SWINDON, 11-Mar-2016 — /EuropaWire/ — A study by Nationwide Building Society has found that two thirds of British parents would prefer their children to go to university despite debt concerns and the opportunities that apprenticeships can offer.
- Almost 70% associate apprenticeships with the construction industry
- 71% think the minimum apprenticeship wage is too low
- 60% of parents think poor pay is the biggest drawback to becoming an apprentice
- Student debt is a concern when it comes to a university career path
- 66% of people would prefer their children to go to university above any other career option
Ahead of National Apprenticeship Week (March 14 – 20), a poll commission by Nationwide asked 2,000 parents of under 18-year-olds their views of their children’s career options.
The findings show that 66% of parents would prefer their children to go to university compared to 27% who would prefer their children to become an apprentice. This is despite parents thinking that earning while learning is the biggest benefit of becoming an apprentice and over half of parents (57%) believing that apprenticeships offer people more opportunity to progress in a career path compared to university. Over three-quarters of those questioned (76%) think that their child would consider becoming an apprentice.
However, more than 71% of parents said that the £3.30 per hour apprentice minimum wage was too low. At Nationwide all apprentices are paid at least £8.25 per hour (£15,015 per year) which is the Living Wage. Would-be apprentices also have the option of applying for an advanced or higher apprenticeship which gives them the option of studying for a qualification which is the equivalent to A Level or degree level respectively.
The study found that over three quarters (79%) of parents said that student debt was a concern when it came to university with only 56% polled saying that they felt the debt would be worth it.
Nationwide’s HR Director Ann Brown said: “We understand that for younger people parents play an important part in their career choices which is why their views are so important. It’s clear that apprenticeships are still associated with manual labour and I would urge parents and their children to find out about the opportunities that other industries offer. There’s a clear contradiction here with parents wanting their children to attend university but having real concerns about debt.
“At Nationwide you can study to degree level, be paid at least the Living Wage while doing it and have a permanent job from the outset. It’s time to start challenging the misconception that becoming an apprentice is a poorly paid option with limited career development opportunities.”
When asked what age people typically associated with apprentices, 58% said 18-20-year-olds. Less than 22% associated apprenticeships with over 25-year-olds. 85% of people believe apprenticeships should be targeted at all age groups.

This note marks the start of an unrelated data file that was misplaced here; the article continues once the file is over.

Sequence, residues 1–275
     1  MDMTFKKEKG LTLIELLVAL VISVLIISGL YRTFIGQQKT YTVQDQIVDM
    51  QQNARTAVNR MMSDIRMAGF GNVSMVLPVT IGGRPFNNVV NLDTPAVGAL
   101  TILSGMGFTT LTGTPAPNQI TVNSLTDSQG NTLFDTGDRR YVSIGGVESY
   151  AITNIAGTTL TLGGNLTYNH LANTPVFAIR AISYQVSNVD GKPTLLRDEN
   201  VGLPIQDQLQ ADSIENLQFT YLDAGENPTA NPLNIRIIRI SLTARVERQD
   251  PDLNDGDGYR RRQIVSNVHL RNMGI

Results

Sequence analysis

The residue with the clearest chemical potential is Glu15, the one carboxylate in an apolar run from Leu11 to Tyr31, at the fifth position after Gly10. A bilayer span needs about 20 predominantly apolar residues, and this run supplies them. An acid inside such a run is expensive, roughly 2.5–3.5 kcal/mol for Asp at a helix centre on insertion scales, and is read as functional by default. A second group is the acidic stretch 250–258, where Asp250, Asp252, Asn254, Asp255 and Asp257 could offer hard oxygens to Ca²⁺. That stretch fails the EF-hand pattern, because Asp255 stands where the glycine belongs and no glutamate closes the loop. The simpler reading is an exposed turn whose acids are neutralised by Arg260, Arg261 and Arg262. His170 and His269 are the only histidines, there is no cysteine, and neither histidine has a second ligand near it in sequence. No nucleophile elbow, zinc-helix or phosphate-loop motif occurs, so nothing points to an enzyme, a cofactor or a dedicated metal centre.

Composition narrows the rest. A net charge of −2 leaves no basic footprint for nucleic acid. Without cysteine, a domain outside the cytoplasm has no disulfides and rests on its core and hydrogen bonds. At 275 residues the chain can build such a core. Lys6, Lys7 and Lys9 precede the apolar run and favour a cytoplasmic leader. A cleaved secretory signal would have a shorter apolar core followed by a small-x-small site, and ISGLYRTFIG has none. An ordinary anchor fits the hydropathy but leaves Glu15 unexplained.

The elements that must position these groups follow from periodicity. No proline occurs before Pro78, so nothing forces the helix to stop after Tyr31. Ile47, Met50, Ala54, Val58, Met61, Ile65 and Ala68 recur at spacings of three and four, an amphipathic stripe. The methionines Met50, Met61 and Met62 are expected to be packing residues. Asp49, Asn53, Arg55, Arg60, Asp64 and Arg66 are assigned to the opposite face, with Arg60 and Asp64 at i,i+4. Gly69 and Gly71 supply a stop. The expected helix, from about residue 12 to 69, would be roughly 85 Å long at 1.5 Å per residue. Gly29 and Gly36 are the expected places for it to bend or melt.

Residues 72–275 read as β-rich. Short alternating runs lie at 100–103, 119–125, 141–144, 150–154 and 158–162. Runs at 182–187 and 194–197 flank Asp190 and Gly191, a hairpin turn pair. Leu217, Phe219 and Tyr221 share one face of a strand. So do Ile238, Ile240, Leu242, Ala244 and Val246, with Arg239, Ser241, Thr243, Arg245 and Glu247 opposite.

Ann Brown added: “Our apprenticeships are available to people over the age of 16. Because we pay the Living Wage they are a viable option for older people looking to return to work after a career break, or those who want to start a career in a different field. ”
Jack Scott, 19, from near Oxford chose to become an apprentice at Nationwide despite being accepted to study business studies at university last year. He decided to opt for the apprenticeship scheme after a useful work experience stint at Nationwide’s HQ in Swindon and some time out travelling which allowed him to make this life-changing choice.
“I chose Nationwide because I liked it here and I want a career in financial services. There’s a great culture at Nationwide and that was clear from the moment I started my work experience placement,” he said.
“The way I look at it I’m in a win win situation – I’m studying to become a Chartered Accountant with CIMA which Nationwide is funding and I’m also earning a wage while gaining great experience.
“The only thing I think I could miss out on I suppose is the social side of university but I’ve made some great friends here with the other apprentices and colleagues so I’m not too concerned.”
Jack is a Higher Apprentice which is a 3 to 5 year programme that enables him to pursue an externally recognised qualification to degree level.
“Some people think I should have gone to university but when I list all the benefits of becoming a Nationwide apprentice they soon change their mind. I’ve worked out that if I’d gone to university I’d come out in £50,000 debt – that’s something I don’t have to worry about now. My mum was supportive of my decision but my dad thought I’d go to university – once I told him about Nationwide though he soon came around!
“The fact they pay the Living Wage (£8.25 per hour) is significant – lots of employers don’t and I think the minimum wage of £3.30 is far too low and it sends the wrong message. I have a role and responsibilities and I should be paid a wage that reflects this – it’s good that Nationwide recognises this.
“My advice to people who are making those difficult career choices right now would be to avoid following the crowd – what’s right for other people may not be right for you.”
Notes to Editors
Research carried out by 4media relations from 10 February – 15 February 2016 across the UK. The survey consisted of 2,000 respondents and a mixture of age, gender and location.
Nationwide is the world’s largest building society as well as one of the largest savings providers and a top-three provider of mortgages in the UK. It is also a major provider of current accounts, credit cards,ISAs and personal loans. Nationwide has around 15 million customers.
Customers can manage their finances in a branch, via the mobile app, on the telephone, internet and post. The Society has around 17,000 employees. Nationwide’s head office is in Swindon with administration centres based in Northampton, Bournemouth and Dunfermline. The Society also has a number of call centres across the UK.